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UFL Player And Agent Compensation

This past Saturday was the last open tryout for the UFL, a minor league football operation going into its second year of existence.  From what I have heard from plenty of insiders, the talent at these tryouts has been shockingly strong; a lot of previously undiscovered players have been looking better than more established NFL veterans.  But the odds of an open tryout player actually being offered a contract is stacked extremely against him.  That said, what could a player and his agent look forward to should the player be offered a spot on one of the five UFL teams?

For the 2010 UFL season, a player making a UFL team’s roster will earn a salary of $50,000 over a period of eight weeks.  And that is pretty much non-negotiable.  A nice incentive is that if the player makes the UFL Championship Game, he will receive a bonus of at least $10,000 if he is on the losing team and at least $20,000 if he is on the winning team.  And when there are only five teams in the league, those are odds I don’t mind if I am a player.

What about the player’s agent?  The agent can actually execute the player’s contract by signing the UFL Player Contract.  As with the NFL, the UFL mandates that the agent receive no more than 3% of the player’s base salary, signing bonus, and performance bonuses.  The agent can take his commission through a percentage of the player’s compensation, a flat fee, or an hourly fee, but no matter what, the agent cannot take more than a total of 3%.  The UFL team will go ahead and pay the agent his fee if the player authorizes the team to do so.

Someone interested in becoming a UFL certified agent must fill out an agent registration form and submit a fee to the UFL, which will be $250 if that person is already certified by the NFLPA.  Besides establishing the right to get agent fees directly from the team, UFL agents get access to player salary figures, waiver wire transactions, and bonus pool compensation information.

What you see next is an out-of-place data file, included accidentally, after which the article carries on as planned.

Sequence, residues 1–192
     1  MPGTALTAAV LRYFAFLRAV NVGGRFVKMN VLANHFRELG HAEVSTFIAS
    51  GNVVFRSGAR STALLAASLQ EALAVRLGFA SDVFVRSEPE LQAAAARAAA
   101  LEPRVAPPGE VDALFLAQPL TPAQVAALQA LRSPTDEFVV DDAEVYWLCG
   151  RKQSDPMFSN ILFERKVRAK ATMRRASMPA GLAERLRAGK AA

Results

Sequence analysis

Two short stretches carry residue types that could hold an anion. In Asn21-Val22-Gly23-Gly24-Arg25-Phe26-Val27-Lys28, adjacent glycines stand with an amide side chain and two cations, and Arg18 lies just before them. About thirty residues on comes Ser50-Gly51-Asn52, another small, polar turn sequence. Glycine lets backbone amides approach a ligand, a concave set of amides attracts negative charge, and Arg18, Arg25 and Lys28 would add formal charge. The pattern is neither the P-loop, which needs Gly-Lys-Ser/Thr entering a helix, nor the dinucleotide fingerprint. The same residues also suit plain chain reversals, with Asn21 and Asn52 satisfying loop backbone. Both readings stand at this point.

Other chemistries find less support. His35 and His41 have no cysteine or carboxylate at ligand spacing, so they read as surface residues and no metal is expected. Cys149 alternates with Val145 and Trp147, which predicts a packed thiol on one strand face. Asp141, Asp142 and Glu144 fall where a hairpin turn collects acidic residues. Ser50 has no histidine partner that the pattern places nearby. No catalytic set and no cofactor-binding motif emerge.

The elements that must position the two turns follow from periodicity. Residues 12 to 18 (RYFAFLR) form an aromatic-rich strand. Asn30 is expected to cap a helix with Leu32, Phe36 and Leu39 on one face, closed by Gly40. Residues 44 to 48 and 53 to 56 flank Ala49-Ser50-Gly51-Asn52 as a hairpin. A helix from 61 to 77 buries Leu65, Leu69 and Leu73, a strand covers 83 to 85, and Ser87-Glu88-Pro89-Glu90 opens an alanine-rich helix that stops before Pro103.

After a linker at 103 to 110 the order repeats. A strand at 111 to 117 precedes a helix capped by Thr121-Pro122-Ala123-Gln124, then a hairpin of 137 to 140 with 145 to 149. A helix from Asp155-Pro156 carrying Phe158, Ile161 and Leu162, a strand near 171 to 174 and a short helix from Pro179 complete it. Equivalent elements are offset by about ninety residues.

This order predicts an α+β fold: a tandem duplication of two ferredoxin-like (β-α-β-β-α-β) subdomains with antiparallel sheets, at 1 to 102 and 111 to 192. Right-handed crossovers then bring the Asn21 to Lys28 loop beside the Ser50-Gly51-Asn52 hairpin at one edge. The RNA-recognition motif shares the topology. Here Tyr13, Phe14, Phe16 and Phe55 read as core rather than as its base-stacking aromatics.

If you are ready to pay your agent registration fee, you can send it along to:

United Football League
ATTN: Matthew Couloute Jr.
501 Riverside Avenue, Suite 904
Jacksonville, FL 32202
Phone: 904-598-1031
Fax: 904-598-1032

By Darren Heitner

Darren Heitner created Sports Agent Blog as a New Year's Resolution on December 31, 2005. Originally titled, "I Want To Be A Sports Agent," the website was founded with the intention of causing Heitner to learn more about the profession that he wanted to join, meet reputable individuals in the space and force himself to stay on top of the latest news and trends.

Heitner now runs Heitner Legal, P.L.L.C., which is a law firm with many practice areas, including sports law and contract law. Heitner has represented numerous athletes and sports agents as legal counsel. He has also served as an Adjunct Professor at Indiana University Bloomington from 2011-2014, where he created and taught a course titled, Sport Agency Management, which included subjects ranging from NCAA regulations to athlete agent certification and the rules governing the profession. Heitner serves as an Adjunct Professor at the University of Florida Levin College of Law, where he teaches a Sports Law class that includes case law surrounding athlete agents and the NCAA rules.

6 replies on “UFL Player And Agent Compensation”


Do you know if a postgraduate degree (J.D. or MBA) is required to become a registered agent in the UFL? Also, is there an entrance exam similar to the one that the NFLPA administers to aspiring agents?

I tried the UFL main website to find info but it did not prove to be helpful

Mr.Matthew, I am Sylvester White i fax you a request for a UFL Agenr registration form on Aug 16, so i can mail the 250 can email this info to me @
[email protected] Do the UFL use a SRA.

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